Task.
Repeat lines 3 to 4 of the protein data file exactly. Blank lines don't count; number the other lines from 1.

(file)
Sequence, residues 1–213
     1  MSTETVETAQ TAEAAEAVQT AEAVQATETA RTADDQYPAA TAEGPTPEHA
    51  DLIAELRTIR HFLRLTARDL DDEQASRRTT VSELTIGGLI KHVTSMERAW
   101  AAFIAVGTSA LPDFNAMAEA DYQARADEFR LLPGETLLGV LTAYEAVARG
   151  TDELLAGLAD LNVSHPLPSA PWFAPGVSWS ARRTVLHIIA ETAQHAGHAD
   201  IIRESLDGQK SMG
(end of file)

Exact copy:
    51  DLIAELRTIR HFLRLTARDL DDEQASRRTT VSELTIGGLI KHVTSMERAW
   101  AAFIAVGTSA LPDFNAMAEA DYQARADEFR LLPGETLLGV LTAYEAVARG